NEW YORK — Former Trump adviser Steve Bannon turned himself in at the Manhattan district attorney’s office Thursday to face money laundering and fraud charges in connection with the “We Build the Wall” fund-raising scam.
The rabble-rousing right-wing political strategist previously faced federal charges for the crowdfunding scheme, for which former President Donald Trump pardoned him during a clemency blitz in his final hours in office. The pardon did not spare Bannon from state prosecution.
Bannon had a smirk on his face as court officers walked him into Judge Juan Merchan’s packed 15th-floor courtroom in handcuffs shortly after 2 p.m. He pleaded not guilty to two counts of money laundering, three counts of conspiracy and one count of scheme to defraud. A representative of We Build the Wall Inc., entered a not guilty plea on the company’s behalf.
Bannon’s fund-raising scheme lasted from January through December 2019, District Attorney Alvin Bragg said.
“It is a crime to turn a profit by lying to donors, and in New York, you will be held accountable,” Bragg said.
“As alleged, Stephen Bannon acted as the architect of a multimillion-dollar scheme to defraud thousands of donors across the country – including hundreds of Manhattan residents. Each and every day, my office works to ensure that when New Yorkers hand over money, they know where it’s going and who it’s going to – without any smokescreens or false promises.”
New York Attorney General Letitia James, whose office aided the DA’s Bannon investigation, said the case included political power players operating under their own set of rules.
“They think they are above the law, and the most egregious of them take advantage of hardworking Americans in the process. Steve Bannon stands out as a perfect example of this blatant inequality,” James said.
“He gained power and influence as a top adviser to the former president, and he used that influence and those connections to cheat everyday Americans and carry out this fraud.”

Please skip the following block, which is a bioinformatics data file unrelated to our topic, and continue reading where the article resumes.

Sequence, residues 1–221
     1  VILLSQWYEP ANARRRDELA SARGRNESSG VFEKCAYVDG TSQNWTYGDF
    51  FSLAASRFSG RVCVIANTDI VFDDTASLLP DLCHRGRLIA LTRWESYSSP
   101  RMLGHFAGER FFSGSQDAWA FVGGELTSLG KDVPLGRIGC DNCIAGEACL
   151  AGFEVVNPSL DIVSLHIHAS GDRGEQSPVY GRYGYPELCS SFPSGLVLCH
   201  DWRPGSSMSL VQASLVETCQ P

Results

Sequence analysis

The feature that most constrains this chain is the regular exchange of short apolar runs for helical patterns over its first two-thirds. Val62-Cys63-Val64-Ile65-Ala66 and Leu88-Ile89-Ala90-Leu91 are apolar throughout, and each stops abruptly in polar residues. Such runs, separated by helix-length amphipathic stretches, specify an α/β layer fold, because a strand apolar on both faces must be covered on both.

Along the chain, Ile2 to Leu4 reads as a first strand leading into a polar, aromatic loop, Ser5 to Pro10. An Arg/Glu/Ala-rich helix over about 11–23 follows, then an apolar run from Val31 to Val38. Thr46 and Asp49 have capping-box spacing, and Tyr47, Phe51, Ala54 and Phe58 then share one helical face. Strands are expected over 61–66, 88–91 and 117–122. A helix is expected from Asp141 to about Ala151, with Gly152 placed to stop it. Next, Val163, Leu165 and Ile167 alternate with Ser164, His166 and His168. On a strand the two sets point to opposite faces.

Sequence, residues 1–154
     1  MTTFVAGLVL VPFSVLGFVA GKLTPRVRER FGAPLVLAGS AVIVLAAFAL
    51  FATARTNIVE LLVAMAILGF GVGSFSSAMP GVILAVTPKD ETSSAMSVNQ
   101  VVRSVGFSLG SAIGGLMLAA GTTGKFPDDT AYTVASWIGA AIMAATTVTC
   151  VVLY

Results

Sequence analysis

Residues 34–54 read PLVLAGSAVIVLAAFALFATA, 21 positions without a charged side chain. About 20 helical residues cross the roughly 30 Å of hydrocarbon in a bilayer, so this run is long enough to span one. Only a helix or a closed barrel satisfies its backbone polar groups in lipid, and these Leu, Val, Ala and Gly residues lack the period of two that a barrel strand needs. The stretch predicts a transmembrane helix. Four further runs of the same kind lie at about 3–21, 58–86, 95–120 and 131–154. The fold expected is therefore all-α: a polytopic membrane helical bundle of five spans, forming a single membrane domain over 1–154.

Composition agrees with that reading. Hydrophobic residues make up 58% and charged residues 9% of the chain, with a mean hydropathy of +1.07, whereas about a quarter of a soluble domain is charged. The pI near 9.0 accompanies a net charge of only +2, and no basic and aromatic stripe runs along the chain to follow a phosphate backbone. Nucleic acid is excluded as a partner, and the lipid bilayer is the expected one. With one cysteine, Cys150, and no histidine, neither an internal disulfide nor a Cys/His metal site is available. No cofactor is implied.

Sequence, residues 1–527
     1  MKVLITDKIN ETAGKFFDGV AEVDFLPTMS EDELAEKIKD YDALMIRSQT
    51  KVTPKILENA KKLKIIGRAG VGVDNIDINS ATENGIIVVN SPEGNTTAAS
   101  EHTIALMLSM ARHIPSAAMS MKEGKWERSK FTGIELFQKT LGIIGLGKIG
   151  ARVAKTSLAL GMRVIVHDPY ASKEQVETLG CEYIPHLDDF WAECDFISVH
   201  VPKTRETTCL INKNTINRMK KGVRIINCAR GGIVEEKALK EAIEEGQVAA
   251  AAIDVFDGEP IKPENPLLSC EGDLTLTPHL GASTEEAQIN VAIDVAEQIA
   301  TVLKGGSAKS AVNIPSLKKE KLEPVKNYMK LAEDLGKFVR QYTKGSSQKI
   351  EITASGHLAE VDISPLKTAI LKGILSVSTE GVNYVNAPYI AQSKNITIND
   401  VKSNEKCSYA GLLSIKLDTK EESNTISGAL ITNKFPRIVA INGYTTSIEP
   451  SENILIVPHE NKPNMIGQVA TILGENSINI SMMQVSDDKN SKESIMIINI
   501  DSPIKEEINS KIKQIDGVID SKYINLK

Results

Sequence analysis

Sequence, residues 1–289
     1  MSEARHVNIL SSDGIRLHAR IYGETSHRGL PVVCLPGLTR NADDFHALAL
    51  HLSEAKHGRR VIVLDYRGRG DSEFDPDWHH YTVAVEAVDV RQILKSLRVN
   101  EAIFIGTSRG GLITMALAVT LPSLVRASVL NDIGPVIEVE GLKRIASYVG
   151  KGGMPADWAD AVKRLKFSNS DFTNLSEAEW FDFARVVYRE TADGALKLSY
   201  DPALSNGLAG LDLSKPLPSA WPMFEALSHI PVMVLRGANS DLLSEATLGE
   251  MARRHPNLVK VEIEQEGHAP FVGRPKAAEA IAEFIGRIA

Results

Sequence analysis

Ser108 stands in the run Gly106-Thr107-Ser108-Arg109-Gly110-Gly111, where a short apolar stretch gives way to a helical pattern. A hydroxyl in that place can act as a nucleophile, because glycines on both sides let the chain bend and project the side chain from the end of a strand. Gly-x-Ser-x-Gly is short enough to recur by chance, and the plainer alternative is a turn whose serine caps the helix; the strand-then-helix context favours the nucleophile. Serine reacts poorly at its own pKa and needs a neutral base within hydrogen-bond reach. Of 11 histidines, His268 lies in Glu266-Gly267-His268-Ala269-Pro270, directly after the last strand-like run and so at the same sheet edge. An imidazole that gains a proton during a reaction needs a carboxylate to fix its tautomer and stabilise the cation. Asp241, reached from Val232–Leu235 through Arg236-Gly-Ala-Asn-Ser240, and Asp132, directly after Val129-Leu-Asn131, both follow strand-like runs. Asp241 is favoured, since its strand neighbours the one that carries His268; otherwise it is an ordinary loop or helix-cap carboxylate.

Bannon accused New York authorities of charging him for political reasons ahead of the midterm elections.
“We are going to win a sweeping landslide at every level — from school boards to election officials to state legislators to the House of Representatives and to the Senate. We are not going to back down, OK, we are not gonna back down. And they will not be able to shut me up,” Bannon said before leaving court in a black SUV with his lawyers.
Brian Kolfage and Andrew Badolato, two of four men charged in the August 2020 federal case with Bannon — whom Trump did not pardon — pleaded guilty to the scheme in April. The fourth man, Colorado businessman Timothy Shea, saw his case end in a mistrial in June after a holdout juror alleged a government “witch hunt.” Shea is set to go back on trial next month.
The fund-raiser launched in late 2018 sought to elicit donations from Trump supporters to build a wall along the U.S.-Mexico border. It promised 100% of funds would go toward its construction and raised almost $17 million in its first week, according to federal court records.
Air Force veteran and triple amputee Kolfage, who was the fund’s president and poster boy, said in a 2019 interview that he “would have to be the stupidest person in the world” to mismanage the donations “with everyone watching me.”
All the while, prosecutors say, Bannon and others secretly funneled hundreds of thousands of dollars to Kolfage, who is referred to in the charging documents as “Unindicted Co-Conspirator 1.” That included a $250,000 transfer in February 2019, according to the indictment.
Bannon faces up to 15 years if convicted on the top count. The fund faces steep financial penalties.
In July, Bannon was found guilty of contempt of Congress for refusing to cooperate with the special House committee investigating the Jan. 6 insurrection. He faces up to two years in federal prison when sentenced next month.